The English Undergraduate Symposium

Each spring marks the Symposium for St. Rose’s English Undergraduate students. The 2011 Symposium will take place Thursday, April 14, 2011, from 8:30 am to 3:00 pm in Standish Rooms A and B on the second floor of the Events and Activities Center. This event is a chance for students to share their work areas of literary analysis, film, theory, creative writing, and performance.

A scene from Hamlet 2 courtesy of

Emily Gagola is no stranger to the English Undergraduate Symposium; during her sophomore year, Gagola presented a group project and last year, she read one of her poems. This year, symposium veteran Gagola (who also earned top honors as an English major) will be presenting on her senior seminar paper, “Hamlet and Other Shakespeare References: Their Purpose and Effect as They Appear in Non-Shakespearean Comedy Films.” Gagola explained her paper as “an analysis of the purpose and evolution of the status of Shakespeare in pop culture” by methods of exploring “four films and the role of Shakespeare (especially Hamlet) within the films.” Gagola used the films To Be or Not to Be (1942 and 1983 versions), Renaissance Man (1994), and Hamlet 2 (2008) as primary sources in her paper. Gagola argues in her paper that “these four films are comedies and show the changing attitudes of the public towards Shakespeare and his works while also using Shakespeare as a therapeutic/uniting device.”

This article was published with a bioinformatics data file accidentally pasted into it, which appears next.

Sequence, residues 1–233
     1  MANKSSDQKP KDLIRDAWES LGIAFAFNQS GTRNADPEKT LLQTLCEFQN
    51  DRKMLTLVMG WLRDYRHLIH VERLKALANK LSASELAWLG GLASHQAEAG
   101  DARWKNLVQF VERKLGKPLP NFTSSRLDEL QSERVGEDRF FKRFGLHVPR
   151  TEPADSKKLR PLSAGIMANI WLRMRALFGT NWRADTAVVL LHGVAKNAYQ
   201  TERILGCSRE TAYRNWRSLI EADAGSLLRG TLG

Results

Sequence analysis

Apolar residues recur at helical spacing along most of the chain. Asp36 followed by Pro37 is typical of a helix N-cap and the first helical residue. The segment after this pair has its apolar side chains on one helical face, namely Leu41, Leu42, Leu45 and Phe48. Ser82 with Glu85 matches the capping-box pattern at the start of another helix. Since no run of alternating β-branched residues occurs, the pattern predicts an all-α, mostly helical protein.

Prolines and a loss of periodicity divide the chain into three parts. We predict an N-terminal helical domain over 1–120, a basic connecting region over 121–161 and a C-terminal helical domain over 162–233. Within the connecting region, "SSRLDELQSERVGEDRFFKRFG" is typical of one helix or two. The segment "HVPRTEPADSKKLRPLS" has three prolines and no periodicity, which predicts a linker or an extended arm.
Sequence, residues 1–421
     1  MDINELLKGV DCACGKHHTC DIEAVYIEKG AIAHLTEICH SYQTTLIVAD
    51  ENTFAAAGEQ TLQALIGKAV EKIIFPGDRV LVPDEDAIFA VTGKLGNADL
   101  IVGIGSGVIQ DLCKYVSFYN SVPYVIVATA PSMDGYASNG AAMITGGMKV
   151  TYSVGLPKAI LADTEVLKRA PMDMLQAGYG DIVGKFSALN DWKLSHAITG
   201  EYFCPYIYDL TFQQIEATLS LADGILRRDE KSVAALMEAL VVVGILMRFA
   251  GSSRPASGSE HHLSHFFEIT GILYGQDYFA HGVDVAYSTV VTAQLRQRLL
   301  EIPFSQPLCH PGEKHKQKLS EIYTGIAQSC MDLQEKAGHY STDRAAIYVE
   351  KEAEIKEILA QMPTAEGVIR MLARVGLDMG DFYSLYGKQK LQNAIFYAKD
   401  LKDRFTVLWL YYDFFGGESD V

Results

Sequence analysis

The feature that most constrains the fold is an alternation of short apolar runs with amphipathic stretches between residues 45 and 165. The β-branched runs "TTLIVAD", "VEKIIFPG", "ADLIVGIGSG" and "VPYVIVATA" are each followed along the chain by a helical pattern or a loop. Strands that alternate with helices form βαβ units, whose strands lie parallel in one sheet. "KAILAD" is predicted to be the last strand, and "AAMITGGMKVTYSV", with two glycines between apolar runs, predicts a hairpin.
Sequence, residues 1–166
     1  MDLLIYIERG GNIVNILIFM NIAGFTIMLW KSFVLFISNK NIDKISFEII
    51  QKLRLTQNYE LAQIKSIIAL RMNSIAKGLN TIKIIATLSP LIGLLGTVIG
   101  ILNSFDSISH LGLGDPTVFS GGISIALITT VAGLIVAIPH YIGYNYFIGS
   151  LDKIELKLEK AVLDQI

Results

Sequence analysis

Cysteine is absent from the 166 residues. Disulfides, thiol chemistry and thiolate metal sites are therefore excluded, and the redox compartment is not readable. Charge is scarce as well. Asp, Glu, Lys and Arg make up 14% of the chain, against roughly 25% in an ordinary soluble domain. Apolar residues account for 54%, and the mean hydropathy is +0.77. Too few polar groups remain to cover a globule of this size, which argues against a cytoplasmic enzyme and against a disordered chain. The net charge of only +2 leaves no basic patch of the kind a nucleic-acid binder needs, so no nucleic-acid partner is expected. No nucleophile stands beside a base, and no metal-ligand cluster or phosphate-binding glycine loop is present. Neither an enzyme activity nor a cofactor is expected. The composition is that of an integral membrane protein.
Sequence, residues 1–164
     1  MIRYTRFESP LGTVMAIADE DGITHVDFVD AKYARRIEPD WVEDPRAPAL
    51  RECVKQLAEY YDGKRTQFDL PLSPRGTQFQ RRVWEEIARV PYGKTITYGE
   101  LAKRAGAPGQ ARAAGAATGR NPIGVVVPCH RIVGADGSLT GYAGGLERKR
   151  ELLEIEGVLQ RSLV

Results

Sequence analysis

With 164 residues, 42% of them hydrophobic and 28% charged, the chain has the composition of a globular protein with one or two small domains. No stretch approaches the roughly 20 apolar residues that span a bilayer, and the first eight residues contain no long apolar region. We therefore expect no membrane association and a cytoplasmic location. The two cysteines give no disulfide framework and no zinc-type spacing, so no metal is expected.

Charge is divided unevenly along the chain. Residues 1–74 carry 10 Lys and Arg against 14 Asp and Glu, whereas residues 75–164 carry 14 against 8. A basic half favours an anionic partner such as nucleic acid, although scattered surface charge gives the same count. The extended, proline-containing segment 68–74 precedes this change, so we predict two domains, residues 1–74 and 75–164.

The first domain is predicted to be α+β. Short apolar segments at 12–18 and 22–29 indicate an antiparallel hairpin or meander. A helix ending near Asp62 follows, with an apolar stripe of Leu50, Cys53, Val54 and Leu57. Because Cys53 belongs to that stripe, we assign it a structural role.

When asked if she is feeling any pressure this year, this accomplished student voiced confidence over anxiety saying, “I think that my past participation has just prepared me for the feel and organization of the symposium and makes me more comfortable to present this year.” The only challenge with this year’s presentation, Gagola mentioned, will be “summarizing the paper in a clear and concise way” to make it accessible and entertaining for the symposium audience. Gagola had only good things to say about her participation in the symposium commenting, “It is a great experience and an easy way to share your work with others in the same field.”

The English Undergraduate Symposium is free and open to everyone for any part or all of the day, so stop by and hear what English students have been working hard on this year.

See for information on this and last year’s symposiums.


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